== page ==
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The Poetics of American Song Lyrics$
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Charlotte Pence

Print publication date: 2011

Print ISBN-13: 9781617031564

Published to University Press of Mississippi: March 2014

DOI: 10.14325/mississippi/9781617031564.001.0001

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Laughing in Tune: R.E.M. and The Post‐Confessional Lyric

Laughing in Tune: R.E.M. and The Post‐Confessional Lyric

Chapter:
(p.203) Laughing in Tune: R.E.M. and The Post‐Confessional Lyric
Source:
The Poetics of American Song Lyrics
Author(s):

Jeffrey Roessner

Publisher:
University Press of Mississippi
DOI:10.14325/mississippi/9781617031564.003.0018

R.E.M. came to prominence in the early 1980s as the antithesis of nearly every trend in corporate rock music. In contrast to top-forty rock, which was hyper-produced, strident, and awash in synthesizers, R.E.M.’s style was murky, understated, and laden with chiming guitars. Singer Michael Stipe’s lyrics generated mixed responses from the beginning, but everyone agrees that the lyrics are difficult to understand partly because of his own muddled enunciation and the way the vocals are mixed. This chapter examines Stipe’s obfuscated lyrics through the lens of poetry. It first considers the notion that lyrics should provide literal meanings before placing R.E.M.’s lyrics in the context of contemporary verse, particularly Language poetry. The chapter then assesses Stipe’s anticonfessional poetics and his position as the confessional “I” in the songs.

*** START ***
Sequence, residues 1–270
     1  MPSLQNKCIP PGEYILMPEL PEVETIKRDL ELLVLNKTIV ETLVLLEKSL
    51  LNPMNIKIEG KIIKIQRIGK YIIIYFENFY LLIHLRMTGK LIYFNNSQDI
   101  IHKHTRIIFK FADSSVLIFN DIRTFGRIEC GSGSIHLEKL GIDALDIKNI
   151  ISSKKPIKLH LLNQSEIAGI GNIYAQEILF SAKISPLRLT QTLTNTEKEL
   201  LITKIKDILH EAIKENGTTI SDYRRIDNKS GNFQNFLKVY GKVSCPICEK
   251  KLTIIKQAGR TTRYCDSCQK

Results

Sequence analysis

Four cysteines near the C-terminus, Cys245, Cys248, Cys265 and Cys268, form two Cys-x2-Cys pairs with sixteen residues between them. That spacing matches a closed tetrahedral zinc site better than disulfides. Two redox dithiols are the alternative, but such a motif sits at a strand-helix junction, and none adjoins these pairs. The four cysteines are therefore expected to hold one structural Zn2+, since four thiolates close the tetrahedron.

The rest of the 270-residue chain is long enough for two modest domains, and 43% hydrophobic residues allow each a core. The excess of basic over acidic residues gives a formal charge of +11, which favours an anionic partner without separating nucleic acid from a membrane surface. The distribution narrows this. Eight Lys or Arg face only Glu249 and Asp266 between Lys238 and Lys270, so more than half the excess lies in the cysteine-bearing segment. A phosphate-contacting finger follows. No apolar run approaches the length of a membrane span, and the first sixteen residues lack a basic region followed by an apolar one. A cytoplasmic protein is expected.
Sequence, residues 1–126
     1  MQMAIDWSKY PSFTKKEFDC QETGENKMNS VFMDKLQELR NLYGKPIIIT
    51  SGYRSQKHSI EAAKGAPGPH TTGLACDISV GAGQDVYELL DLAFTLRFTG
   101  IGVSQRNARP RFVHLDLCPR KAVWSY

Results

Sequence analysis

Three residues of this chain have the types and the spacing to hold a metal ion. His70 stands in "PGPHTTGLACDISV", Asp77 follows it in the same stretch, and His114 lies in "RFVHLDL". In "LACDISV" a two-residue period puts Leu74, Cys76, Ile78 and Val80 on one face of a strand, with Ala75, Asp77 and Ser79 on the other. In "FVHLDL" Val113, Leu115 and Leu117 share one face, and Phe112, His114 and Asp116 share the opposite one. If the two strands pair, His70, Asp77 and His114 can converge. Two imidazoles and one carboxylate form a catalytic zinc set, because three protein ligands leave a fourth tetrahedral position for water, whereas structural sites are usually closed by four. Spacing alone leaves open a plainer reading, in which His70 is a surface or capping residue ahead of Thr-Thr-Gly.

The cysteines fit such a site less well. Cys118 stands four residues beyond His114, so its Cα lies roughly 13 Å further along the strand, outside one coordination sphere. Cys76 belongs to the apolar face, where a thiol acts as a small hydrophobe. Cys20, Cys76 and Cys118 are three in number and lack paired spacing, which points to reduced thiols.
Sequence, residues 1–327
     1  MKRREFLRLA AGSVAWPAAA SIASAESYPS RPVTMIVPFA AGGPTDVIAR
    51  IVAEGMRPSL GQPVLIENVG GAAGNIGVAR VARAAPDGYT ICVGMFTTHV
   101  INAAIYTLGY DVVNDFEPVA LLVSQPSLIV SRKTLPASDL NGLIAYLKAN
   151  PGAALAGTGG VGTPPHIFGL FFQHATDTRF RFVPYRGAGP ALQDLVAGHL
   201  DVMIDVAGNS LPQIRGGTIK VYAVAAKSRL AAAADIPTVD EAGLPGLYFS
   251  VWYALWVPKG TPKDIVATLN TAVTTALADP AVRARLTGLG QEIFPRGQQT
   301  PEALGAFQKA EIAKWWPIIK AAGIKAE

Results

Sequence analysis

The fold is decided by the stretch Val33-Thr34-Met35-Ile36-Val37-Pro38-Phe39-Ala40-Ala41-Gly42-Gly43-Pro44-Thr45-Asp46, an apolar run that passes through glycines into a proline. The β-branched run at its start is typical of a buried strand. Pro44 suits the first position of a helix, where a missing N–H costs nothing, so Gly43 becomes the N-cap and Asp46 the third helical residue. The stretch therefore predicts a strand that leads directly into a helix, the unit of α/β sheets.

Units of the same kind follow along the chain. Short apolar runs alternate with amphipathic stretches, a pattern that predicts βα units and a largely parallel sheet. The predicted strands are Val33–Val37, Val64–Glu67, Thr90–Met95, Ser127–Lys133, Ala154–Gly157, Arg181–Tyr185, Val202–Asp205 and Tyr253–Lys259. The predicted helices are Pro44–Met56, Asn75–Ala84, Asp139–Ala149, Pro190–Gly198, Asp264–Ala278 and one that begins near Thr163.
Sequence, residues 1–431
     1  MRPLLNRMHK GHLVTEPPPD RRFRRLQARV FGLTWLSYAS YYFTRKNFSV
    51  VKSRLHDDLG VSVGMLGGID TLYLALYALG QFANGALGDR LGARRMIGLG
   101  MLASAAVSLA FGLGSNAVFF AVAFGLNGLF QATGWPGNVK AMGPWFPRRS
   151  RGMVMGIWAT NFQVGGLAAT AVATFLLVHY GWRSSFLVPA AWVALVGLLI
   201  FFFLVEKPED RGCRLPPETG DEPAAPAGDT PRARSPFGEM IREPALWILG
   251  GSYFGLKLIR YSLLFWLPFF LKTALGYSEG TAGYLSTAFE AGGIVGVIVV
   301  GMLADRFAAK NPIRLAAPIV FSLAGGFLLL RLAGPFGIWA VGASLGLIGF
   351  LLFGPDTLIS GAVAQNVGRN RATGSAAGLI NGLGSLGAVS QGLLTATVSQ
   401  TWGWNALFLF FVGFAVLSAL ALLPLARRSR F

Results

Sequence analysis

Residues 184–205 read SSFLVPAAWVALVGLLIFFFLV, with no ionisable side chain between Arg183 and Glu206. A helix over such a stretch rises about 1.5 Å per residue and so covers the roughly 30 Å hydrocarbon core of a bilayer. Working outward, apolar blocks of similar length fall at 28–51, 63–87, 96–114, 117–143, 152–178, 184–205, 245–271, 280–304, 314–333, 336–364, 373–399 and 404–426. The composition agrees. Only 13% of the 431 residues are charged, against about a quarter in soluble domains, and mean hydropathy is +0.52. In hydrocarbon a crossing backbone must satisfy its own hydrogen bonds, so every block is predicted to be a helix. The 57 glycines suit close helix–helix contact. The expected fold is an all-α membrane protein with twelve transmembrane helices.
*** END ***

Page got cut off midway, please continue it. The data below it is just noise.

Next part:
Keywords:   rock music, R.E.M, Michael Stipe, lyrics, poetry, verse, Language poetry, anticonfessional, songs

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